I am also a fan of the sour wort process, although I typically do it pre-boil and add the soured portion to the boil. Doing it this way you can only go so far with souring because you can reach a point where the ph is low enough it starts to negatively affect fermentation. (Less of an issue with an all brett fermentation.) If you want to seriously sour the beer with a sour wort process you definitely need to do it in the manner binkman described so the majority of fermentation can be complete before adding the soured portion.

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Old 02-02-2012, 09:56 PM   #5
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So does the wort with the unmilled grain has to be at a certain temperature for those two days?

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Old 02-02-2012, 10:32 PM   #6
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Quote:
Originally Posted by DisturbdChemist View Post
So does the wort with the unmilled grain has to be at a certain temperature for those two days?
If you can keep it between 90-110F it's going to sour faster. If you leave it at ambient temperatures you will want to give it more time to sour because the bacteria will work slower at a lower temperature. At a minimum try to keep it warmer the first day or so to make sure the right bacteria takes off a crowds out the rest. The others may produce less desirable flavors.
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Old 02-02-2012, 11:51 PM   #7
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Do you know how I can keep that warm? Maybe a crockpot or on the stove at the lowerest setting, or on the stop in pot of warm water? I want to get this right and not mess up a good batch of beer

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Old 02-03-2012, 12:23 AM   #8
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To be honest, I think the easiest way is to do it properly.

Brew a basic beer, nothing too special, with low IBUs (about 10).

Ferment for a week with any ale yeast.

Have a party with few sour beers.

Rack beer to a glass carboy pour in the dregs from the sours, put on an airlock and leave for about a year.


Look thru some threads for some recipes if you want to try and copy a particular style.

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Old 02-03-2012, 01:47 AM   #9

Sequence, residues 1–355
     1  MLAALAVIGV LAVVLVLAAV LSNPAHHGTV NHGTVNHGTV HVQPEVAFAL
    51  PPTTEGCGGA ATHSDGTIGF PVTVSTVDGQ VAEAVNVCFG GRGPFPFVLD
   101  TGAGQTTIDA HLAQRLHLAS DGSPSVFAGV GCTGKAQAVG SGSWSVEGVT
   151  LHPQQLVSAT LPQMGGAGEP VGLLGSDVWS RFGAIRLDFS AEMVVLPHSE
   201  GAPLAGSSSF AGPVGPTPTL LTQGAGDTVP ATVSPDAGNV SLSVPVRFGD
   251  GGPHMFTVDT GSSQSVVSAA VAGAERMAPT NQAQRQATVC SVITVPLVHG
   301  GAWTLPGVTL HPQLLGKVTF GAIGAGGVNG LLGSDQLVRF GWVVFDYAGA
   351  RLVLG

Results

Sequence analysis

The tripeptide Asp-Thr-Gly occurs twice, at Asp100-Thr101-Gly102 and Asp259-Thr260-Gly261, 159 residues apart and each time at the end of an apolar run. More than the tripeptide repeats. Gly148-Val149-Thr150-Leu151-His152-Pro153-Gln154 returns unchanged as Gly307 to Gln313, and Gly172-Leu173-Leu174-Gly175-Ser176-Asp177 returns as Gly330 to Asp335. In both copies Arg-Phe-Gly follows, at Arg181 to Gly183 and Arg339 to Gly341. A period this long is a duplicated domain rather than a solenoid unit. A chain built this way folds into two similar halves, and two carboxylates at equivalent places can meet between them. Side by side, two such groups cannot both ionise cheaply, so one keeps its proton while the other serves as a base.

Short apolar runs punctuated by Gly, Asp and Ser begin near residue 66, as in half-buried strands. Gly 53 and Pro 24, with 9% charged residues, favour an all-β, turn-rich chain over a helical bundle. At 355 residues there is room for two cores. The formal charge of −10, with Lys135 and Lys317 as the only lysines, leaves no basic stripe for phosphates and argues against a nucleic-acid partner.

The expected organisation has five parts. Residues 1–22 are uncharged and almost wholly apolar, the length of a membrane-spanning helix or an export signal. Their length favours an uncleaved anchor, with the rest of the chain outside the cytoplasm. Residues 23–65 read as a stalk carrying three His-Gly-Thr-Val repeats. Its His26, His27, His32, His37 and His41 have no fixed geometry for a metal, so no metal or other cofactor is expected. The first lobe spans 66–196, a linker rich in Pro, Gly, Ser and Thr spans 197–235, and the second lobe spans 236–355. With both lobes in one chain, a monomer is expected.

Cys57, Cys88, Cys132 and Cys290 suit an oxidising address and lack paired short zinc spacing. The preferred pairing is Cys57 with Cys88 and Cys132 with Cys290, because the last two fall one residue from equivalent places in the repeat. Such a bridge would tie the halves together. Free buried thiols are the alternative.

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By dregs you mean the yeast in the bottle of the bottle? I have a few sours but I think only one has yeast in the bottom. I need to get extra equipment before I can attempt them. Ill want to do one regular but just do not know all I need to do. You said just don't touch it for a year with the bacteria

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Old 02-03-2012, 02:07 AM   #10
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I did a small sour mash for a stout, and I think it worked out well. I did it in a 1 gallon insulated jug, then boiled it and added it to the beer as it was in primary. However, I will warn you, it stinks, so boil it outside. It also just adds a hint of sour, not the real bracing sour bite of a good lambic or flemish red. I have not done a full batch sour mash, and I would think it would stink to high heaven, but I have read about sparging into a keg, and souring under gas so you don't get the 02, and thus not as much dirty diaper smell, in the process. If you are interested, how I did the sour mash is outlined in this post.

http://grainandgrain.com/2011/02/11/touch-of-funk-dry-stout/

That being said, I agree with Calder it is easier to do the traditional way, it just takes more time. I did make a beer that soured very quickly using Jolly Pumpkin dregs in the primary. It got plenty sour fast, 3 months. You can mash on the cool side to get a very fermentable wort, which will let you bottle it faster, but it won't be quite as sour. A few days before, pour some JP dregs into a starter, let it sit for a few days, then crash it out, and add that with your primary yeast to the wort. Jolly Pumpkin dregs are a great way to get a good sour beer pretty quickly.